Entering into the last full week of February, I consider the Winter to be about 2/3’rds complete when March rolls around. It isn’t, really, it just helps to pretend it is. We all know that it’s possible to get freezing temperatures, heavy snowfalls and ice storms clear through till May and sometimes beyond here in Northwestern Pennsylvania. But after staring dumbly out my frosted windows for the past two months, I’m ready to break out and begin enjoying Spring!
I have perused my seed catalogs and made my selections. The orders are on the way, ensuring that next year I’ll be getting twice the number of catalogs as this year. Everybody company likes an easy touch! Several years ago, my wife presented me with an excellent Valentine’s gift. It’s a growing rack complete with 3-five-foot shelves suspended beneath growing lights. I placed it in the warmest room in the house and also got some electric growing mats to place under the trays of potting soil as seeds germinate best if kept around 70°.
Last year, I had a bumper crop of six different hot pepper varieties which made their way into our meat department for beef sticks, jerky, bologna and sausages. The only problem was that in my haste to get to where I had seedlings sprouting, I started them about a month too early – in late January. By the middle of May, I was planting 24-inch-high pepper plants, many with peppers already on them. They were so big and gangly that I had to stake up virtually every plant! I resolved to avoid temptation and delay planting this year until the end of February. This is the week!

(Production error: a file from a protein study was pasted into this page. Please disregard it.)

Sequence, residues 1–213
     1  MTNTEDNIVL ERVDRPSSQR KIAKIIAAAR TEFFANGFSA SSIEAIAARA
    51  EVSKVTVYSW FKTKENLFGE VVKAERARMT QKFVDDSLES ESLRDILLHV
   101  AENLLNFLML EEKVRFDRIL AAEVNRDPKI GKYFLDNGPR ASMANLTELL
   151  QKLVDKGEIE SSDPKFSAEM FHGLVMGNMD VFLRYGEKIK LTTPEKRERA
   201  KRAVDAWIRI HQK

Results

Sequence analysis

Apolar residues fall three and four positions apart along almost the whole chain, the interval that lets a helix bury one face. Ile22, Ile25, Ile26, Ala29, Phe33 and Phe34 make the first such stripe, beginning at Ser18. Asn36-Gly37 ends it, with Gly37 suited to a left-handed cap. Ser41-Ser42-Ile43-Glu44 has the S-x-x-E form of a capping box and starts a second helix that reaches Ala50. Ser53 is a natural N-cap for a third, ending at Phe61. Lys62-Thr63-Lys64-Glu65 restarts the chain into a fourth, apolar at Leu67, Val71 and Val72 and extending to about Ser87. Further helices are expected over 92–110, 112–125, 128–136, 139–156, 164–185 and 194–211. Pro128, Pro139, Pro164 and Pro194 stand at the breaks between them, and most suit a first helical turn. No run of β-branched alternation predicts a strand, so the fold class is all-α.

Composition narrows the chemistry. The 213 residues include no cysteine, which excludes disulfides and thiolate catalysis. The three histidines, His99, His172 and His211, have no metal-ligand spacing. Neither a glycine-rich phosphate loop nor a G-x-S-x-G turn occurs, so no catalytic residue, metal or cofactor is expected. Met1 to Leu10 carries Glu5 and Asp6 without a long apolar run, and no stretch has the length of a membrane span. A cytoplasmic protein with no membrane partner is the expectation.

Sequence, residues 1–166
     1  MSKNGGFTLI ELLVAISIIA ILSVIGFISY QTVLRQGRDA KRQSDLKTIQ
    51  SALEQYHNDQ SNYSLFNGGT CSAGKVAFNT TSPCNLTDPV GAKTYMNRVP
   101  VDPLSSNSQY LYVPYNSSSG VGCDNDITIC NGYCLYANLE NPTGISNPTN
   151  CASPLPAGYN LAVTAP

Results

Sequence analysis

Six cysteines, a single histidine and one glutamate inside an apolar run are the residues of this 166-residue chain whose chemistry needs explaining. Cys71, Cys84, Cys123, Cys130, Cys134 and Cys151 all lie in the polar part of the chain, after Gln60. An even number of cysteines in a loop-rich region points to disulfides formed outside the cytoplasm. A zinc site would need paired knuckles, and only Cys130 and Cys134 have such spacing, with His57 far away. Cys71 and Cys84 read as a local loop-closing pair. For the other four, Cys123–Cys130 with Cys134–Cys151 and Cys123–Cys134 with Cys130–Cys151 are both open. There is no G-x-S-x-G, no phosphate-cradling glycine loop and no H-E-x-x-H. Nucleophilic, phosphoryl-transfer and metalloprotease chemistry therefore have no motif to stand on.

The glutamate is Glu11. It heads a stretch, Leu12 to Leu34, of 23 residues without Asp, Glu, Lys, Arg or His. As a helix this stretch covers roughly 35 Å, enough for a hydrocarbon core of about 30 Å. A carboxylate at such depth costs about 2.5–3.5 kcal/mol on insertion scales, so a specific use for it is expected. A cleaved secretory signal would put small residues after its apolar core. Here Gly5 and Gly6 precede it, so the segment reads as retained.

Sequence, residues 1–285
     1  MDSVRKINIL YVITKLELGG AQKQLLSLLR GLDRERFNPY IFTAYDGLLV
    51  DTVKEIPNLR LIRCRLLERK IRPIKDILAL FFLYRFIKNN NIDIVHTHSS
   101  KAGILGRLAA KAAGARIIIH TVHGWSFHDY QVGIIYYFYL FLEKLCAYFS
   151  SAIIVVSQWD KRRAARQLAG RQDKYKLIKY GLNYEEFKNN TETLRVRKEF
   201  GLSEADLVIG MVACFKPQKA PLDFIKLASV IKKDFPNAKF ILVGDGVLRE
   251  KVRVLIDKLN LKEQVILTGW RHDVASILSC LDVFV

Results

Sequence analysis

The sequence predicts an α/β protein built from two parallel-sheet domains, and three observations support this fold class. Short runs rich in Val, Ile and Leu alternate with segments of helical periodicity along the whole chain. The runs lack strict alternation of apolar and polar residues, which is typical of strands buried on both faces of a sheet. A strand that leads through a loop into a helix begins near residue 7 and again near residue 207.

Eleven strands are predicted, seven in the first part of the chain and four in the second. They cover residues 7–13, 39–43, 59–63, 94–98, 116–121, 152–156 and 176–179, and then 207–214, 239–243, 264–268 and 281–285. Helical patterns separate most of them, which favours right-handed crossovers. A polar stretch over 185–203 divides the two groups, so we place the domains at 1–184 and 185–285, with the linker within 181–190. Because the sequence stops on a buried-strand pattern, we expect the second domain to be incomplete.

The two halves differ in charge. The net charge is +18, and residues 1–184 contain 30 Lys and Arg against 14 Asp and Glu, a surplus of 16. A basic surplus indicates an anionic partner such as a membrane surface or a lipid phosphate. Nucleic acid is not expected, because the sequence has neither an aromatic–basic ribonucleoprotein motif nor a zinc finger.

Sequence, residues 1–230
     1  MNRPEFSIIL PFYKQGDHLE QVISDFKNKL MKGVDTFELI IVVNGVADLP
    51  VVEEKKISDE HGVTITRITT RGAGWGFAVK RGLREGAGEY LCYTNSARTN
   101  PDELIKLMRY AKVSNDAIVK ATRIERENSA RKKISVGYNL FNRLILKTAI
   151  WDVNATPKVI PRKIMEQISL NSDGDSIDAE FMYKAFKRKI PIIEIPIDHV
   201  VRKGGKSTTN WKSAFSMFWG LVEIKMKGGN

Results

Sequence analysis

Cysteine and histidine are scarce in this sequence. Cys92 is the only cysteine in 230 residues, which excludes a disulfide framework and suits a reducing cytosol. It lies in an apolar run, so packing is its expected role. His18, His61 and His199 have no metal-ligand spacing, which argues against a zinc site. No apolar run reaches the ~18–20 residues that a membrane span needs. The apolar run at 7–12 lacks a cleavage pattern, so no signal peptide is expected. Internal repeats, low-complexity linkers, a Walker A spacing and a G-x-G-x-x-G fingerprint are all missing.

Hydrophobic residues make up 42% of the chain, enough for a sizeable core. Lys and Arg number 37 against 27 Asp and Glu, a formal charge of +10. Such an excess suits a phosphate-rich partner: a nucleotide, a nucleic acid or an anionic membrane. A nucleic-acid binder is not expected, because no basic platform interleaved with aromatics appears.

My affinity for gardening was handed down to me by my father, Sam Costa, Sr. As he got older, he wasn’t able to run the rototiller, get up and down off his knees easily and do pretty much all the things he wanted to do on his own. In 1975 we had purchased a small 6’x8’ hobby greenhouse for him which only whetted his appetite for his favorite pastime. In his later years, he relied upon me to do all the “chores” around the house, including but not limited to gardening. Since I’m rather an obstinate fellow, the more I’m told that I have to do something, the less I enjoy it. It wasn’t until his passing in the spring of 1997 that I found gardening connected me to his memory somehow. I’ve been an annual believer ever since.
I only have about 250 square feet of garden space and I routinely plant way more varieties than I have room for. You might think that my garden often looks “cramped” and you’d be right. You might ask yourself, “why bother, when you can just walk through the produce department and pick out what you want?” To which I and other back-yard gardeners would reply, “it’s more about the journey than the destination”! Nothing quite like walking out in the back yard and picking fresh cucumbers for a salad or pole beans for dinner. At least for me and my family, it makes it all worth the effort.